At U of T's annual Soldiers' Tower ceremony, one man shares his story about living, working, and surviving in Nazi Germany.
On a grey, gloomy day last Friday, the bells in U of T’s Soldiers’ Tower rang out across downtown city blocks. Veterans and citizens of all ages gathered before the ornate stone and stained glass for the annual Remembrance Day ceremony. Not a single jacket or lapel was without a poppy as speakers gave speeches, organizations placed wreaths, and the university choir sang hymns.
Among the crowd, 84-year-old Gary Knopf stood with a green beret on his head and medals on his chest.
As a teenager in Nazi Germany, being in school allowed Knopf to avoid forced labour. He survived bombing raids and the Battle of Berlin, the final battle that ended the war in Europe in May 1945.
Knopf’s father was Jewish, so when Nazis began rounding up Jewish people and shipping them off to concentration camps, he left the family and fled to Shanghai with some 100,000 other refugees—the only place that would take them. Knopt lost family and friends to the death camps and saw them taken away on rail cars.
His mother was Christian, so Knopf was able to avoid captivity on that basis. The Nazis pressed her to file for a divorce but she refused, nor would she run away to Britain, fearing it would tear the family apart even more. They stayed the course in Germany, hoping to one day be reunited.
In 1942 Knopf was forced to leave school by laws which limited the amount of time he could spend there. He took a job at a factory as an electrical engineer, where he worked 60 hours a week repairing the engines and machines of the Third Reich.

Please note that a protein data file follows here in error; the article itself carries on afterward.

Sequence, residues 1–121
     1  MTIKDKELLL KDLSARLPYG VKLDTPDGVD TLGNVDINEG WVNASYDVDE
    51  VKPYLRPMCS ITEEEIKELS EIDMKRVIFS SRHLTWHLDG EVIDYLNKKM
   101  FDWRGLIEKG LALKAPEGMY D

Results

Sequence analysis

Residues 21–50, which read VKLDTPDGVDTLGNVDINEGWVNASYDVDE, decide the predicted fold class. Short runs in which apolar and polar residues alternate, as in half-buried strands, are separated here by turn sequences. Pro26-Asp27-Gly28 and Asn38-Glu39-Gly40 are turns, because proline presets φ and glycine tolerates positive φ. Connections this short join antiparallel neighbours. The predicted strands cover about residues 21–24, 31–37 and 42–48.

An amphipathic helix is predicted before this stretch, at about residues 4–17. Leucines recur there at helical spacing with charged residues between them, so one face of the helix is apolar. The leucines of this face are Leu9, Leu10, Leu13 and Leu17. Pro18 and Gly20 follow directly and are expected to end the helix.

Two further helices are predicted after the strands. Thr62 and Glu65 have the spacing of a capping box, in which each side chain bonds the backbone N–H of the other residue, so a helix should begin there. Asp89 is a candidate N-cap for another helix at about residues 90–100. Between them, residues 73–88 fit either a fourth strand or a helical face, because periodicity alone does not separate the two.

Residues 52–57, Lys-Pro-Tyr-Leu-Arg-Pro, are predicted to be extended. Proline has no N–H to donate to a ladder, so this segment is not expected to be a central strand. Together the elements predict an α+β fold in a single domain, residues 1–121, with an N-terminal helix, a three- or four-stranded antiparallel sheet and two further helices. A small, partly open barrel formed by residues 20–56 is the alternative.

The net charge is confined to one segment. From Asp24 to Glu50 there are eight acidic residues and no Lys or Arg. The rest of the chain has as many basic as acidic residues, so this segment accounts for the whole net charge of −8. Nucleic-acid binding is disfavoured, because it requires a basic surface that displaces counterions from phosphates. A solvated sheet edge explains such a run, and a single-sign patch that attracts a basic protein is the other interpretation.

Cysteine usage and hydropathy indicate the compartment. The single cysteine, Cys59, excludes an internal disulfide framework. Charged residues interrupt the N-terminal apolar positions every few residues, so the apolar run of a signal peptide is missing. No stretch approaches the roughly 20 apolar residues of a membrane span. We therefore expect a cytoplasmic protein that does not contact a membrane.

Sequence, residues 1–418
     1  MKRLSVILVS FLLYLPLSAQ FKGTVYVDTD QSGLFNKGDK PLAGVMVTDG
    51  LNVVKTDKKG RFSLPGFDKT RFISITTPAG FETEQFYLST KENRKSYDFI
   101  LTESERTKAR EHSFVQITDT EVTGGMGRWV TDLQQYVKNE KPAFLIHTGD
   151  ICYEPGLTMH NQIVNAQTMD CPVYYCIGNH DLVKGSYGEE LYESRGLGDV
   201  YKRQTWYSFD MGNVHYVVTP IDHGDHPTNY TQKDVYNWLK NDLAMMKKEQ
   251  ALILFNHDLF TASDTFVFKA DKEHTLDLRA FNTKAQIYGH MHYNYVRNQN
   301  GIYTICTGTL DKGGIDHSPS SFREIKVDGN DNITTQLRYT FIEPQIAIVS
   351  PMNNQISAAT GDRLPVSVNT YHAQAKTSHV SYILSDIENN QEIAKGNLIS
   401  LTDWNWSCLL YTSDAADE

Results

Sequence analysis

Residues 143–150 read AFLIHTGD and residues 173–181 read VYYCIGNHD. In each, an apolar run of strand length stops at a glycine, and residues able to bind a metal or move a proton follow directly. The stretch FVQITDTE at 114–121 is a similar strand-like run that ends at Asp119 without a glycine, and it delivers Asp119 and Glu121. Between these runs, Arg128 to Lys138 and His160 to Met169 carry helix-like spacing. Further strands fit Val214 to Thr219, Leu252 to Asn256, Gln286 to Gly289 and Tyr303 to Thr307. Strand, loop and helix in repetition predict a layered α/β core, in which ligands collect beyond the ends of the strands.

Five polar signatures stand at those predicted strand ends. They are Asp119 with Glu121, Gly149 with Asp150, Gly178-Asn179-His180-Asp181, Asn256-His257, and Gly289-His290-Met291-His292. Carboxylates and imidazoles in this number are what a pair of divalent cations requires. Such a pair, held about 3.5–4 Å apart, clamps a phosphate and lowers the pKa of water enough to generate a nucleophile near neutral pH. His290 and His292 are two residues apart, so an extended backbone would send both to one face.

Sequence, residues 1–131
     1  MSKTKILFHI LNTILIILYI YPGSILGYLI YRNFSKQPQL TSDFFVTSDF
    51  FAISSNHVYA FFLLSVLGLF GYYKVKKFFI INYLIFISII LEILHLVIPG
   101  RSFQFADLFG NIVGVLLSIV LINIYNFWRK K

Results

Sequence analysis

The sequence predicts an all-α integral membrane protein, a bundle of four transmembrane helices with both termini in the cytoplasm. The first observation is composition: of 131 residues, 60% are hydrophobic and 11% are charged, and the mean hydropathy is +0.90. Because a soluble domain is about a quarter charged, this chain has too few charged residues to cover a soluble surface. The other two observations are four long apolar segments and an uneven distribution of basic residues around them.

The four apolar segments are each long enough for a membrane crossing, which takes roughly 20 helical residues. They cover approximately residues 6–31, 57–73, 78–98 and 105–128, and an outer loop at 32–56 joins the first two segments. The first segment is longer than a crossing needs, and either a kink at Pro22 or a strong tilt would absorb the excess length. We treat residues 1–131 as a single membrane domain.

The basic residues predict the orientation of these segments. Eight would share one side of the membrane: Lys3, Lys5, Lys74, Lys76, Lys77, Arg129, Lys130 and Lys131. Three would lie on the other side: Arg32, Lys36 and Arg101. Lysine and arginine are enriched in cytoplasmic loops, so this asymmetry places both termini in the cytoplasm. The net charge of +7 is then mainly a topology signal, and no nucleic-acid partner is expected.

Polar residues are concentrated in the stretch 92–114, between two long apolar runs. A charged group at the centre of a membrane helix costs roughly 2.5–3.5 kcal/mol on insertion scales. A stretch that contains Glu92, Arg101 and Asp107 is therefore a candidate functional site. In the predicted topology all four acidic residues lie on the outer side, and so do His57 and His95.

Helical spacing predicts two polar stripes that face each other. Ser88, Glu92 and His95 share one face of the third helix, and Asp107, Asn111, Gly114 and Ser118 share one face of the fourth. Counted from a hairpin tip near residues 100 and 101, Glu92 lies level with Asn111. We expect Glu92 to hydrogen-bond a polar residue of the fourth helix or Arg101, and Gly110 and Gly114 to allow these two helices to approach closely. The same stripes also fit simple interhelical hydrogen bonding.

When the Allies started bombing Berlin in 1943, Knopf spent a lot of time in shelters. The Allies dropped incendiaries, fiery explosives that burned entire swaths of the city to ashes and cinder.
During the war Nazis blocked foreign radio stations, so the only thing anyone could catch on the airwaves were the propaganda broadcasts from home. Even still, he and his mother would secretly listen at certain times when it was possible to get the BBC.
“When they dropped the jamming we put a blanket over ourselves so nobody could hear,” he said. “There’d be a death penalty if they caught you, and we could only do it for a short while because we had to be down in the air raid shelter.”
He still remembers his first time through a bomb raid. It was around the time of the Dresden bombing. “We were out on a Saturday, there was a beautiful blue sky, and we could see the Americans coming. We could see the bombs falling. So we took off into an air raid shelter,” he said. “When I came out there were no air raid sirens anymore. From a beautiful clear sky it was all dark because of fires and smoke.”
During the Battle of Berlin, Knopf spent two weeks holed up inside a shelter. “Where we lived it was kind of the epicentre of the battle. We were getting a lot of artillery fire and [rockets],” he recalls. “It sounded like a big train was coming through, but it was these rockets. They blew out the windows and it was really something else.”
“I went up to the street, then artillery shells came through the tops of the houses. Then, just as I came into our street, there was a guy who just got shrapnel in his throat. He died right there.”
When the battle finally ended, news came down the line that Hitler had committed suicide. Knopf isn’t sure how the message got around—there were no radio broadcasts or newspapers at that time—but it was a huge relief to know that the fighting was over.
Knopf’s father—who had been transferred to California after the Japanese invaded Shanghai—was unable to return to Germany; the Russians had set up a blockade and were only letting in planes carrying food or coal. Berlin was a ruin, and the Jewish community told him there was no life to return to.
Estranged, distraught, and with no way of seeing his family again, Knopf’s father took his own life.
When Knopf came to Canada after the war he completed his electrical engineering education at U of T. Subsequently, he joined the Army Reserve’s 8th Signal Battalion.